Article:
President’s address by Darren Kwan:
In 2022 the Australian Esports Association experienced one of its biggest years since inception in 2013. As a major highlight the AESA oversaw the national qualifiers for the Birmingham Commonwealth Esports Championships (CEC) Australian national team and a major uptick in interest from both internal and external industry stakeholders.
This was also an exciting year for women in esports with the CEC Australian Rocket League womens team taking home Bronze medals and the CEC Australia Dota 2 womens team making it through groups and contesting Bronze.
As I reflect on the year that was 2022, the AESA came together to achieve a number of objectives including:
- Hosting National Qualifiers for the Birmingham Commonwealth Esports Championships
- Hosting National Qualifiers for the Bali 14th IESF World Esports Championships
- Hosting National Qualifiers for the Istanbul Global Esports Games
- Hosting the 2022 Esports Australia Summit as part of the Melbourne International Games Week
- Enhanced international relations through the Global Esports Federation and in particular with Esports Canada, France Esports and the Esports Federation of India
- Continued to develop a close and strategic working relationship with the New Zealand Esports Federation
- Achieved a number of critical milestones towards enhancing and developing the AESA, now ready for implementation in 2023
The Birmingham Commonwealth Esports Championships was a major turning point for Australian esports being the first major international sporting event that included Australian participation. Being supported by the Commonwealth Games Federation this also drew attention to esports from external stakeholders, mainstream media and improved general awareness of esports from the mainstream gaming community.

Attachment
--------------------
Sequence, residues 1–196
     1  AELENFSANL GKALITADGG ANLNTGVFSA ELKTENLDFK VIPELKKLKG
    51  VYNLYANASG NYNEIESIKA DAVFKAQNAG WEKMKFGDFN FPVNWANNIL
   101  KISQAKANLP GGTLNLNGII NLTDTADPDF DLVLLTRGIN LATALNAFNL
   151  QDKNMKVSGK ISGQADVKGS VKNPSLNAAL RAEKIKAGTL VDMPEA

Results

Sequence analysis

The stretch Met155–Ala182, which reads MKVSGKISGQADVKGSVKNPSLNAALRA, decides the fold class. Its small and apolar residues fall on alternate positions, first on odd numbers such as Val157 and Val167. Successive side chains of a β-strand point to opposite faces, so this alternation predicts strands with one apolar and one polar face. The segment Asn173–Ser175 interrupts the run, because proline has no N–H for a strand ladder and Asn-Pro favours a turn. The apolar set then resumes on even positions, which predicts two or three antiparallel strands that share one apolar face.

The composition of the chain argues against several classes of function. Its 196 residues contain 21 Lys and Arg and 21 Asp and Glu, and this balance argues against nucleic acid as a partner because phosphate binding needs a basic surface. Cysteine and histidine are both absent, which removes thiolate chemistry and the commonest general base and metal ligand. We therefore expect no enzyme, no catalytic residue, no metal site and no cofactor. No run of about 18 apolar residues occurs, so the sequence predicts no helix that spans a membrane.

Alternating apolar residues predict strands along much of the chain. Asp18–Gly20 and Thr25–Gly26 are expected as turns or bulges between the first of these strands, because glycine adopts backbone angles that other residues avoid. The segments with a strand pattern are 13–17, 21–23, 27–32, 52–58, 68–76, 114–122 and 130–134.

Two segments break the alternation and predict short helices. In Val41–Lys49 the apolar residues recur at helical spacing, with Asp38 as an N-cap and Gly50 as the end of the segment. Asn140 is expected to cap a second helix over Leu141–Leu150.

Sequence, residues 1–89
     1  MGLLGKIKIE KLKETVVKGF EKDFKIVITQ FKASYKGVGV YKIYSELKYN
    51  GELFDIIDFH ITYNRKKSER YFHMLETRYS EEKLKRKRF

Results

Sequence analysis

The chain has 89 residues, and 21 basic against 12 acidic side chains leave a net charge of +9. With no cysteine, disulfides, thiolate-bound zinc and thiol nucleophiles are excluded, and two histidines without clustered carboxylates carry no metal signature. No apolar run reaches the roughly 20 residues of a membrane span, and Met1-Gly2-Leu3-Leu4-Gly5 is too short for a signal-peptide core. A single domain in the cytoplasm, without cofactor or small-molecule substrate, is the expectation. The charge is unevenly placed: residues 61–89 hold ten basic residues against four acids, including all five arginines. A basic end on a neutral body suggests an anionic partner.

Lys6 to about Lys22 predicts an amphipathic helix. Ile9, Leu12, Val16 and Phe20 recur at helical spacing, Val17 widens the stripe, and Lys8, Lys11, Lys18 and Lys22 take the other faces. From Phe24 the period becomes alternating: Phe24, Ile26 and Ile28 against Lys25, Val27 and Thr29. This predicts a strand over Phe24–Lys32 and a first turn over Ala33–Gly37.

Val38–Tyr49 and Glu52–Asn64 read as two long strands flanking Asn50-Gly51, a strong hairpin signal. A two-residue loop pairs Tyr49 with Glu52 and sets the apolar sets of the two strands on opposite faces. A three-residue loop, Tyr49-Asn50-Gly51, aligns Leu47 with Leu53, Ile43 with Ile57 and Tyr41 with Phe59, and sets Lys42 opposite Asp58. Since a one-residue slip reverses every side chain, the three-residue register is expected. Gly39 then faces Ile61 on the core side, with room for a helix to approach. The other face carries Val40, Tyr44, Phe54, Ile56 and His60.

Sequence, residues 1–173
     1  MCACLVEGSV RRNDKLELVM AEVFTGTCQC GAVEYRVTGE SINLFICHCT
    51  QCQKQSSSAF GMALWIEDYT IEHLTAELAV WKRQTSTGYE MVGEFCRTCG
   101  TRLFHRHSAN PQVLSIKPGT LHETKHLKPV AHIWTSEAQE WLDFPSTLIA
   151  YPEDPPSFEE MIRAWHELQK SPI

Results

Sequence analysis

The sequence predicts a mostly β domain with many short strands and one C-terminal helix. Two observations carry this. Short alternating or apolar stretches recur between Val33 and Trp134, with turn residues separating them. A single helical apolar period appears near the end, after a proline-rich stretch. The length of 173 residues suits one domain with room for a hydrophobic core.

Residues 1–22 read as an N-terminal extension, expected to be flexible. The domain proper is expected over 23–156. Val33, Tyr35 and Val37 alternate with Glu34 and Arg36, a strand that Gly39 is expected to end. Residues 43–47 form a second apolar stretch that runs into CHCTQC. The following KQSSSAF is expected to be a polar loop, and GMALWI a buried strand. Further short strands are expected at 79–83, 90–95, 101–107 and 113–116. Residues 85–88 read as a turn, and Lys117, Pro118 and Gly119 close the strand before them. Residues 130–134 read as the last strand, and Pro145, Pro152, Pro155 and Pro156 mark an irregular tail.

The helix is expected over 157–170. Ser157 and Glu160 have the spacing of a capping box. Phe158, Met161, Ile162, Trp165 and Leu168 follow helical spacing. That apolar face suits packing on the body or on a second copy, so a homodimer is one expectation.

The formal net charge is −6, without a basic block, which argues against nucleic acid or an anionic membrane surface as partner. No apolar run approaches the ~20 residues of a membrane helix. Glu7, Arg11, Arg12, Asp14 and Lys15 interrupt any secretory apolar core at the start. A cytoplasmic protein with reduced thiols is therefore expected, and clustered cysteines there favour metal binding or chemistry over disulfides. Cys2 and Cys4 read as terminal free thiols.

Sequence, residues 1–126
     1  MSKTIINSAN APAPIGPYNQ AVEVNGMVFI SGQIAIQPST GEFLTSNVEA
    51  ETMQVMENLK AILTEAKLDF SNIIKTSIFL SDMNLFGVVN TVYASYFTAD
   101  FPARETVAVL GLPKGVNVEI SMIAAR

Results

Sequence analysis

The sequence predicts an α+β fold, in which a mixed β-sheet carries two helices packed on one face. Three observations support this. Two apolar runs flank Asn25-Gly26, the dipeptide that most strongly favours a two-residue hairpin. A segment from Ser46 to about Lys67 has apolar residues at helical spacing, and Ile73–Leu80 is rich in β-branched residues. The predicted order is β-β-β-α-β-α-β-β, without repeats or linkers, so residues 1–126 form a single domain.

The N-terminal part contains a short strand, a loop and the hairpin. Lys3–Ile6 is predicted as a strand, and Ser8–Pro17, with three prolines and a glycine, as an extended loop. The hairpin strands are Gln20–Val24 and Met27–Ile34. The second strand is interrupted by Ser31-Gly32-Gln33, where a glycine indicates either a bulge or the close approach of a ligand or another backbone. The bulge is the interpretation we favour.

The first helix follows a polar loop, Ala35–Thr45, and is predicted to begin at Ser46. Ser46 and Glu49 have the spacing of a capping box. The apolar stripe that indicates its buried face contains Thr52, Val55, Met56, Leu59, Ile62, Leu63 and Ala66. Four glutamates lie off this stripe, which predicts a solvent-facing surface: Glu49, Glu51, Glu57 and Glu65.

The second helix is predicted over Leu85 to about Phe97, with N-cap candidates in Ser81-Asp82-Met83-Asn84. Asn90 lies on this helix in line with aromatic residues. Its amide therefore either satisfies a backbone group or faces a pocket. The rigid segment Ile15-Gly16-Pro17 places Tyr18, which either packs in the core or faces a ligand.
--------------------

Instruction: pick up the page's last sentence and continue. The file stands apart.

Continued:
Australia’s inclusion and the hosting of the national trials is an achievement I’m extremely proud of, to see gamers competing as part of a Commonwealth Games event was a culmination of years of hard work and advocacy for Australian esports. The many sleepless nights and hard push to bring this together was rewarded by being able to see a wonderful group of gamers take the stage to represent Australia and make history.
The national trials was an exciting achievement with Major Events Gold Coast coming to the table to support hosting the national trials in partnership with Southport Sharks, Critical Hit Entertainment, Rocket League Oceania and Esports Media House.
Take a look at the national trials through this photo album here: https://www.facebook.com/media/set/?set=a.5487077521312899&type=3
With this support the AESA was able to source and support teams for Dota 2 Womens, Dota 2 Opens, Rocket League Womens and Rocket League Opens. A special mention goes to national trials and team sponsors AOC Monitors, EPOS, Mwave Computers and JUICD Energy who without the Australian campaign to the CEC would have been fraught with challenges.
The global event in Birmingham was an exciting mixing of many worlds, a highlight for me was seeing general Commonwealth Games attendees checking out the esports arena as Birmingham was abuzz with travelers from all over the world. Notably the energy and effort the local organising team and Global Esports Federation had taken to host such an incredible event, look after the athletes and bring the gaming world together with the Commonwealth Federation led to the delivery of one of the esports highlights of my career. Creating some of the greatest gaming memories I will treasure.
The Australian commonwealth esports team comprised of the following incredible athletes, with our Dota 2 Opens team unfortunately not being able to make it to the world stage:
- In Rocket League Opens we had Joshua “Kaka” W, Finn “Finn” M and Tai “Shorez” K
- In Rocket League Womens we had Ayla “Habulouss” B, Zoe “Pinkjelly” A, and Morgan “QueenMorgie” M
- In Dota 2 Womens we had Antonia “Jakino” C, Fern “Icey” B, Lynley-Ann “Rin” D, Kate “Wegs” W and Lisa “Pooding” L
You can see their full profile here: http://www.aesa.org.au/commgames/